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Frequent Trips During the Night? – Nocturia Truth

Getting up multiple times to pee at night? Your problem may not be with your bladder. It may be in your airway.

Nocturia — urinating repeatedly during the night — among individuals diagnosed with obstructive sleep apnea syndrome (OSAS) is so common that nocturia is actually a screening tool for diagnosing a patient with OSAS.

In fact, a recent study found that nocturia could be just as accurate as snoring in identifying those with severe cases of the sleep-breathing disorder. 

What Is Obstructive Sleep Apnea?

As we mentioned above, OSA is a sleep-breathing disorder in which there is a partial or complete blockage of the upper airways during sleep. This causes the person’s brain to wake them up so that they can gasp for breath. The result is loud snoring and gasping for air.

What Causes Sleep Apnea? 

There are two main types of sleep apnea: central sleep apnea and obstructive sleep apnea. Central sleep apnea occurs when the brain stops sending signals to the muscles needed to breathe. In this case, the body will continue to breathe normally but without oxygen getting into the lungs. Obstructive sleep apnea occurs when something blocks the airway, causing it to collapse while you are sleeping.

The Consequences of Sleep Apnea

Those living with obstructive sleep apnea don’t get a restful night’s sleep as a result of their condition. They are constantly waking up due to their blocked airway and do not fully reach a level of deep sleep. 

This condition can also lead to other problems such as high blood pressure, heart disease, diabetes, stroke and even death.

Sleep apnea can affect all your body’s processes, including urinary excretion.

How Sleep Apnea Affects Your Urinary System and Causes Nocturia

So how does a sleep-breathing disorder cause nocturia? 

When you have obstructive sleep apnea, you never reach the level of deep sleep your body needs to restore itself. It is also in this level of sleep that your hormones are regulated, including the hormones that tell your bladder to stop producing urine. 

If you do not reach this level of sleep, then your bladder will continue to produce more urine than it should. You may feel like you need to go to the bathroom every hour or so throughout the night — which also means you’re not getting enough sleep if you’re up and down all night. 

Children, Bedwetting and Sleep Apnea

One of the most common symptoms of sleep apnea in children is bedwetting. This is most notable in children who are beyond the potty-training stage. In many instances, children who are living with chronic bedwetting after being potty trained become embarrassed or frustrated at the situation, along with their parents.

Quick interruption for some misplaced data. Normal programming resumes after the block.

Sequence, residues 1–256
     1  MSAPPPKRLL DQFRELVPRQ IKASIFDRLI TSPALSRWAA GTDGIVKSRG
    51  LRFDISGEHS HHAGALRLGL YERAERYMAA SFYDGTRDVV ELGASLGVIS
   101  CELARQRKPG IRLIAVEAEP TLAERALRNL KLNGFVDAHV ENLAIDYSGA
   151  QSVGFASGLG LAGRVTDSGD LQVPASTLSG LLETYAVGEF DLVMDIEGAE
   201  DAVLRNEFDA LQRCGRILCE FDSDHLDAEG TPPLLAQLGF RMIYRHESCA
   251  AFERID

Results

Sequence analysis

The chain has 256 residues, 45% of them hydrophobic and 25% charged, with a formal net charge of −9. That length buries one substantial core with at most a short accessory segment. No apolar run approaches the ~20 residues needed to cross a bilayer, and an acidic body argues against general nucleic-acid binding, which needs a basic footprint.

But, don’t they outgrow it? While some children living with frequent nighttime urination do eventually outgrow it, others may develop into adults who still experience frequent nighttime urination.

It is important to note that while frequent nighttime urination and overactive bladder are often associated with sleep apnea, the conditions are not always both present. 

The Signs of Sleep Apnea

In addition to frequent urination, there are several other signs that indicate you or your child might have sleep apnea. Some of these include:

  • Frequent daytime sleepiness
  • Snoring loudly
  • Excessive sweating
  • Loud snorting or gasping sounds when sleeping
  • Morning headaches
  • Feeling tired during the day
  • Difficulty falling asleep
  • Waking up frequently during the night
  • Being unable to fall back asleep once awake
  • Daytime fatigue
  • Poor concentration
  • Weight gain
  • High blood pressure
  • Depression
  • Anxiety
  • Irritability
  • Mood swings
  • Lack of energy

Is Sleep Apnea Serious? 

While sleep apnea is not considered a life-threatening medical condition, it can be very serious for those living with it. If left untreated, sleep apnea can cause health issues ranging from high blood pressure to cardiovascular diseases. The good news is that sleep apnea can be treated successfully.

Treatment Options for Sleep Apnea

There are different treatment options available for people living with sleep apnea. These treatments range from lifestyle changes to surgery. However, before deciding on which option is best for you, it is important to understand what is causing your sleep apnea.

Lifestyle Changes

There are certain things you can do to help treat sleep apnea without having to undergo any type of surgical procedure. One of these is making sure you get plenty of restful sleep each night.

You can try using a CPAP (continuous positive airway pressure) machine as an alternative to more invasive treatments. A CPAP machine helps keep your airways open by providing a stream of pressurized air through a mask worn over your nose and mouth.

You can also make sure you avoid alcohol, caffeine, nicotine and large meals before bedtime. Avoiding these substances will help ensure you get quality sleep.

Oral appliances can also be used to treat mild cases of sleep apnea. Oral appliances work by pulling the jaw forward, which opens the airway. They are usually prescribed if you have mild obstructions in your throat.

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